Investing in young learners is essential for better life outcomes for all Minnesotans.
That was the message from Rep. Connie Bernardy (DFL-New Brighton) Tuesday as she introduced HF2655 that seeks permanent funding for the expanded Voluntary Prekindergarten and School Readiness Plus programs.
The programs help underprivileged families, mostly minorities and people of color, make use of high-quality early learning opportunities for their pre-kindergartners and prepare children for future academic success.
The House Early Childhood Finance and Policy Committee approved the bill 10-3 and referred it to House Education Finance Committee. It doesn’t have a Senate companion.
Currently, the programs serve a total of 7,160 children throughout the state in 135 school districts and charter schools at 219 locations.
The uncertainty about long-term funding makes planning and execution difficult, said Karl Brown, director of community education for Mounds View Public Schools. Locked in funding would go a long way to help the program and potential beneficiaries.
Rep. Peggy Bennett (R-Albert Lea) asked why the programs’ funding is not based on student enrollment, as is done in K-12.
Rep. Dave Pinto (DFL-St. Paul), the committee chair, said that is because districts don’t get the money for pre-kindergarten. Rep. Jim Davnie (DFL-Mpls) added that many families in small communities rely on schools to fulfill that need.
“Targeting the need is critical,” said Bennett. “Let’s put more money in scholarships so we can fund the need. … If we simply fund the program, and in some areas perhaps, those slots don’t fill up or go to families who can afford to pay for their children. We really need to target on the need.”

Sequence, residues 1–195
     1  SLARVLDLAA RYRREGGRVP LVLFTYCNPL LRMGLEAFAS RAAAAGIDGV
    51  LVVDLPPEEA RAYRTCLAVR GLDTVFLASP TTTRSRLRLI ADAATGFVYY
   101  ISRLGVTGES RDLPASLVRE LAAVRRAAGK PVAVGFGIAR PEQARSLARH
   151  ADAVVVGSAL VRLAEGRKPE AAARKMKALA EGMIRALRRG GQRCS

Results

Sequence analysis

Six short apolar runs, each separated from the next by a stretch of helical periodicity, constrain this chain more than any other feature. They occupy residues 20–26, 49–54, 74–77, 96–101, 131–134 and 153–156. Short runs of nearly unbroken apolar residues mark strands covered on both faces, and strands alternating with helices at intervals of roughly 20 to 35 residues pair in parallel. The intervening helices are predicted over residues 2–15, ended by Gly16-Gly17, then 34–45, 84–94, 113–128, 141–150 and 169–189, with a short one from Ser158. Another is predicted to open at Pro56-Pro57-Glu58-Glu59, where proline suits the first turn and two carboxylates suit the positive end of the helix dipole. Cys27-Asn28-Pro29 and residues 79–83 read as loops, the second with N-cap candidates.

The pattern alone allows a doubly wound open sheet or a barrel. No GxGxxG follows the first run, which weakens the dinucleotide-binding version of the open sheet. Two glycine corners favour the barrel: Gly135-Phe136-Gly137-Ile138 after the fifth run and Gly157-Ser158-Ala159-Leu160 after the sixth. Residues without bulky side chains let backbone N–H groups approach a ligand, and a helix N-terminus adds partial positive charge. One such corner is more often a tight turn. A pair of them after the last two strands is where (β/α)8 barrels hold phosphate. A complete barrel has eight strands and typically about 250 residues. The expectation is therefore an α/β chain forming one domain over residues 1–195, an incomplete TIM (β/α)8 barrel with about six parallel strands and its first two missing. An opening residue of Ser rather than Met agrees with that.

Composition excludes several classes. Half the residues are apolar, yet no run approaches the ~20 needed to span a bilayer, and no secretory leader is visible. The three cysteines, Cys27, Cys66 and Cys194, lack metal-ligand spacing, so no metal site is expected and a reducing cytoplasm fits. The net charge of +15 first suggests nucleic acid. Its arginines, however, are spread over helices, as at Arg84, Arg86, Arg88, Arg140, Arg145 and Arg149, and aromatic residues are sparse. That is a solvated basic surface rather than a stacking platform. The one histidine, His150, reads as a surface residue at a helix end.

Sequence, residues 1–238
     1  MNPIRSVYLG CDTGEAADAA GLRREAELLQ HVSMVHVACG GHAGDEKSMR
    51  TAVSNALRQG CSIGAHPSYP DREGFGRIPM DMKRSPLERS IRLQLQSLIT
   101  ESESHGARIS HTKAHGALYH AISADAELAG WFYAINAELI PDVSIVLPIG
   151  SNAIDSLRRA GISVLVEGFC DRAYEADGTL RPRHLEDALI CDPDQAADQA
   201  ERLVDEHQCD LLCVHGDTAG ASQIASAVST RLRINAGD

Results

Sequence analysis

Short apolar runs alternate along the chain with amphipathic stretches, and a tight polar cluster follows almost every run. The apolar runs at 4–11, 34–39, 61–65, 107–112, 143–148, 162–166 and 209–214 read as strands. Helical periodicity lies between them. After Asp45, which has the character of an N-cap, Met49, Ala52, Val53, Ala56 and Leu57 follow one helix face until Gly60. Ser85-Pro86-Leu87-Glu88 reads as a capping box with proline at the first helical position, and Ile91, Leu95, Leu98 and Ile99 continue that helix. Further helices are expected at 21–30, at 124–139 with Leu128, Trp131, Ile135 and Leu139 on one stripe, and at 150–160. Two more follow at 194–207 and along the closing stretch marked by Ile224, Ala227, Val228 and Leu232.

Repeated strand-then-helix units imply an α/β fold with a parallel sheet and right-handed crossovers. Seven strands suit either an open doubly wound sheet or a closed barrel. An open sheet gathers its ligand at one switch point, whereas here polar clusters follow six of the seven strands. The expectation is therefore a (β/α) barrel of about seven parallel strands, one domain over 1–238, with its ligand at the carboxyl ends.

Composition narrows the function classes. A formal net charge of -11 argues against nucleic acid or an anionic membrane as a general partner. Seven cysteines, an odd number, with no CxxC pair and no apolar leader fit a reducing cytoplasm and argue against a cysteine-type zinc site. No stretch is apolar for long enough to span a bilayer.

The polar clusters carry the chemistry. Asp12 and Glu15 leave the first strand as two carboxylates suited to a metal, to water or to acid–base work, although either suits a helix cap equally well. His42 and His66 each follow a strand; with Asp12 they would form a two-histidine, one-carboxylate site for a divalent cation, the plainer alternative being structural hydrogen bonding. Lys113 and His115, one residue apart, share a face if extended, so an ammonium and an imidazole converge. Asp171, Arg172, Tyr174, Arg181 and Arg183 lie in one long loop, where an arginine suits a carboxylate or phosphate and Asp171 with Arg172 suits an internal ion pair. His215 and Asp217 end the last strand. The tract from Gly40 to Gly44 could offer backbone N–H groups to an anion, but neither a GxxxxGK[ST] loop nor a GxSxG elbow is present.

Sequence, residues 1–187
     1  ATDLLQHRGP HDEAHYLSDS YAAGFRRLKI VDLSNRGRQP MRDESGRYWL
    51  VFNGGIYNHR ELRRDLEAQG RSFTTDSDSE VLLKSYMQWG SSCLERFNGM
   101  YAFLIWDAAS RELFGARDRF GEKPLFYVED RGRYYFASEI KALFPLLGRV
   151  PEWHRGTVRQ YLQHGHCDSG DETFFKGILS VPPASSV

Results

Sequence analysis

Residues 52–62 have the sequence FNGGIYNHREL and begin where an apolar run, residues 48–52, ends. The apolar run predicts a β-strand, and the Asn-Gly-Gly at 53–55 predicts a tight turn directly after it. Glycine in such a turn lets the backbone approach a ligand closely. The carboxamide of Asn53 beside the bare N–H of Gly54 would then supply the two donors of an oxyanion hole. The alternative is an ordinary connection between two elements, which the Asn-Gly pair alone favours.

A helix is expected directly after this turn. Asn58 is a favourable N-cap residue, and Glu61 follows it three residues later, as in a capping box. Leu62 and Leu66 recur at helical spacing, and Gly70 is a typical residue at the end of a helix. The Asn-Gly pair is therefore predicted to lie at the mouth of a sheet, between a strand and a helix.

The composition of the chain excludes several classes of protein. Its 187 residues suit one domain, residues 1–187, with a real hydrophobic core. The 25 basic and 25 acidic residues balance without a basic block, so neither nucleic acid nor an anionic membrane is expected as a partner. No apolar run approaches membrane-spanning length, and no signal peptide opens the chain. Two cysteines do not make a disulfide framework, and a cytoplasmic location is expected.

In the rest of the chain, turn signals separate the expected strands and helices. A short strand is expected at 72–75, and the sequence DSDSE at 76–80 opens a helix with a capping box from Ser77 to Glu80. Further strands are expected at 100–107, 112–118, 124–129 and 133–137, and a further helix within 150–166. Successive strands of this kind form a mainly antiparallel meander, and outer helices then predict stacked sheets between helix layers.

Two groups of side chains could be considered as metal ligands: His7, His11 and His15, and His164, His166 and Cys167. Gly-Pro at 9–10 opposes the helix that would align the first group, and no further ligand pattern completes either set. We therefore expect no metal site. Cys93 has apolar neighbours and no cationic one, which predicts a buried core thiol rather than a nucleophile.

She said a scholarship model would work better as adding scholarships put power in the hands of families.
Bills laid over
The committee also laid over a pair of bills sponsored by Rep. Carlie Kotyza-Witthuhn (DFL-Eden Prairie).
HF2660 would modify the appropriation and distribution for the Head Start program, which helps the comprehensive development of children (birth to age 5) from low-income families to promote school readiness.
Kotyza-Witthuhn said the program expands early learning opportunities for children while helping parents grow themselves. And Mary Lockhart Findling, Head Start director at United Community Action Partnership, said it improves outcomes for children from low-income families and connects parents to their community.
The bill, which has no Senate companion, would designate 10.72% of the state appropriation to Head Start for Tribal Head Start programs. It would also add an additional $5 million to the base funding for the Head Start program beginning in fiscal year 2023, making the state’s appropriation $30.1 million for fiscal year 2023 and beyond.
Another bill sponsored by Kotyza-Witthuhn, HF3272 would provide a $450,000 grant to The Family Partnership for a pilot project to boost executive functioning skills in children age 3-5 and their parents through its Executive Functioning Across Generations 2Gen curriculum.
Senior vice president John Till said the program uses a language-based approach that involves reading books, play activities and teaching mindfulness skills.
The project would be spread across 15 sites in Minnesota and help generate valuable data about what works among diverse populations in different locales.
“I think it’s so critical that we do test these programs and curriculums across the state to make sure they are working as intended,” said Kotyza-Witthuhn.